This past December, as the “lame duck” session of Congress rolled back the Clinton-era “Don’t Ask, Don’t Tell” policy regarding the service of gays and lesbians in the military, elite universities were encouraged to rethink campus bans on Reserve Officers’ Training Corps programs that resulted from reaction to the Vietnam War. Leading the pack, Harvard’s President Drew Faust declared her support for “Harvard’s full and formal recognition of ROTC.” While Harvard and many other schools have seized the moment to correct a problematic and insensible political statement to affirm their support for our armed forces, Brown has failed to follow suit. The delay to recognize ROTC on our campus suggests to the rest of the nation that Brown continues to place its impractical standard of political correctness above patriotic support for our military.
As the University and Undergraduate Council of Students begin to consider revising their ban on ROTC, it is imperative they understand the connotations of continuing the ban after the recent repeal of “Don’t Ask, Don’t Tell.” Without question, failing to support students who wish to serve our nation in combat after their education will represent an inexcusable aversion to the honorable institution that protects and defends us on a daily basis. Moreover, it effectively bars academically capable students from pursuing a route that would allow them to satisfy the financial requirements of an Ivy League education while serving our nation.
Now that the military lacks any type of official and concrete discriminatory policy, it is difficult to see why opponents of the ROTC program continue to reject its reinstatement. Indeed, when asked why they thought Brown refused to reinstate the ROTC program after the “Don’t Ask, Don’t Tell” repeal, many of my friends were hard-pressed to come up with a compelling reason. This is absolutely unacceptable and will continue to plague Brown’s image throughout the nation if we do not alter our course soon.
Prior to repeal, many opponents of ROTC rejected it on the grounds that acceptance of the program would connote endorsement of what many considered offensive discrimination against select sexual orientations. Others noted alleged “crimes against humanity” that somehow criminalize our armed forces more than those of other nations. Even then, the University was missing the point. Support for our armed forces is not a political statement. It is not the result or product of certain ideologies, or an all-encompassing endorsement of every decision the military makes. Most importantly, it is not an avenue by which a collection of the most respected academic institutions in our nation should seek to impose their standard of political correctness on others and snub those who support the overarching purpose and goals of the U.S. military.
Instead, support for our armed forces should transcend our ideological differences and unite us. While individual citizens and, in this case, students of Brown University might disagree with some of the military’s policies, our academic institutions should not be serving as a mouthpiece for dissidents. Rather, as major institutions within the most prosperous and free nation in the world, elite universities should save their political statements for other arenas and unite in a gesture of full support for our nation’s primary functional muscle abroad.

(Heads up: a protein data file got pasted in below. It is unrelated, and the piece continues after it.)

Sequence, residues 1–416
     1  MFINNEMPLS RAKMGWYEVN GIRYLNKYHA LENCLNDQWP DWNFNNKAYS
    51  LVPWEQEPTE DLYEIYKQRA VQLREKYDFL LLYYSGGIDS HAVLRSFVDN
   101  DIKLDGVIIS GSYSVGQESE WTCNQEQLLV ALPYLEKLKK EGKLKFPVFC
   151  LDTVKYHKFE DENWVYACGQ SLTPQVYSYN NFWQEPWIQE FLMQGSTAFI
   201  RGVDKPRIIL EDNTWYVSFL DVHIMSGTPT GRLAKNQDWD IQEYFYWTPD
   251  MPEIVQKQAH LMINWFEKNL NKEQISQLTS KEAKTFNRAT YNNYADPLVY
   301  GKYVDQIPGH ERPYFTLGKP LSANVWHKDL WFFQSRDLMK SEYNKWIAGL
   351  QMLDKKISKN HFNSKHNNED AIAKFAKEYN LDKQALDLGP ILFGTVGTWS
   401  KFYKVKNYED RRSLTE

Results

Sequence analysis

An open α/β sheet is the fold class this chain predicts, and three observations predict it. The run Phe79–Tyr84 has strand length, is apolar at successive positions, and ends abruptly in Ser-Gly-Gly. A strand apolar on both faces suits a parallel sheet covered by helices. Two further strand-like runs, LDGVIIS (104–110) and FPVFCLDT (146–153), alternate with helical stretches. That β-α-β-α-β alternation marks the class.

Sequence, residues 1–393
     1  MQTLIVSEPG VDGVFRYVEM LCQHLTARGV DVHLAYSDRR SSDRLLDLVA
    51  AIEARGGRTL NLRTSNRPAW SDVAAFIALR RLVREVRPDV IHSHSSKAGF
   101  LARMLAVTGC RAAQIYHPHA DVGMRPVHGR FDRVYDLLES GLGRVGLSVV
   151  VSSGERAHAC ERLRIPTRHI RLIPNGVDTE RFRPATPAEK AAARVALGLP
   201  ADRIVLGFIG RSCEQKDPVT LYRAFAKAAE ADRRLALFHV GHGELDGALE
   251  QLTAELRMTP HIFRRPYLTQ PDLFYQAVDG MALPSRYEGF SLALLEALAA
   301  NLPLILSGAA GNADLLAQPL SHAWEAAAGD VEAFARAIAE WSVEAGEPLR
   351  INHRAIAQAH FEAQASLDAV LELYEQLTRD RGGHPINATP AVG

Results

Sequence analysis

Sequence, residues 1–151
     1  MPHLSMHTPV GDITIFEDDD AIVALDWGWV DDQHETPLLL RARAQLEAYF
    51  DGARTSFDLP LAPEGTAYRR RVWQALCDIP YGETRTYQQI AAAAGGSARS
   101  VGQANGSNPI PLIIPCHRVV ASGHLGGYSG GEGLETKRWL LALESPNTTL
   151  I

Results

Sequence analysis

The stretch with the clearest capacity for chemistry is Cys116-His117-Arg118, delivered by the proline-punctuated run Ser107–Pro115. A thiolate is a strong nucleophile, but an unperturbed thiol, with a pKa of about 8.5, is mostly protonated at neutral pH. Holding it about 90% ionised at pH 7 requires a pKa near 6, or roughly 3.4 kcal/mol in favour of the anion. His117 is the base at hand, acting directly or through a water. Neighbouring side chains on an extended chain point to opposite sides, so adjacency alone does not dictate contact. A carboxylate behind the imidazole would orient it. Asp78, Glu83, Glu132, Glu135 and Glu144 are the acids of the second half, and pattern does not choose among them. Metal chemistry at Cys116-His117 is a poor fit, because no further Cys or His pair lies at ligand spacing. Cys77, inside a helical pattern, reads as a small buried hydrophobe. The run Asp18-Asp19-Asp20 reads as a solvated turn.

To those who hold deep-seated concerns over current wars the United States is fighting and supporting abroad, Brown’s acceptance of an ROTC program on campus will not be offensive and should be seen as nothing more than patriotic support for the defense of our nation. Indeed, the contention that opponents use to attack the proposal, which suggests that an ROTC program runs counter to campus culture, seems to contradict the sacred concept of diversity that Brown routinely heralds. Just as any conservative Protestant should respect groups on campus that promote lifestyles that run counter to her faith, so should an anti-war student be expected to respect her peers who wish to serve the military. By this analysis, the only choice that is consistent with Brown’s culture and celebration of diversity is to allow students who wish to serve our country the opportunity to do so.
It should be noted that this will require a certain level of intellectual maturity to realize where and when we should appropriately assert our opinions, and moreover, when, if ever, we should impose them on others. Unfortunately, there will always be those who lack the capability of making such a leap, but I have confidence that, in keeping with their own tradition of providing an impartial acceptance of all appropriate student pursuits, members of the University and the UCS have the fortitude to do what is right.
Brown’s recognition of ROTC and its consequent support for the United States’ military is not an appropriate arena in which to assert a certain political ideology at the expense of someone else’s ability to freely serve. As has only been made more evident after the repeal of “Don’t Ask, Don’t Tell,” the persistence of elite universities like Brown in keeping ROTC programs off campus suggests a close-minded and self-serving approach to an issue that asks only what our school and its students can do for our country. In the spirit of patriotism and diversity, and for lack of any justifiable reason to do otherwise, Brown should reinstate the ROTC program on campus with all haste.
Heath Mayo ’13 is a political science and economics concentrator from Whitehouse, Texas. He can be reached at firstname.lastname@example.org.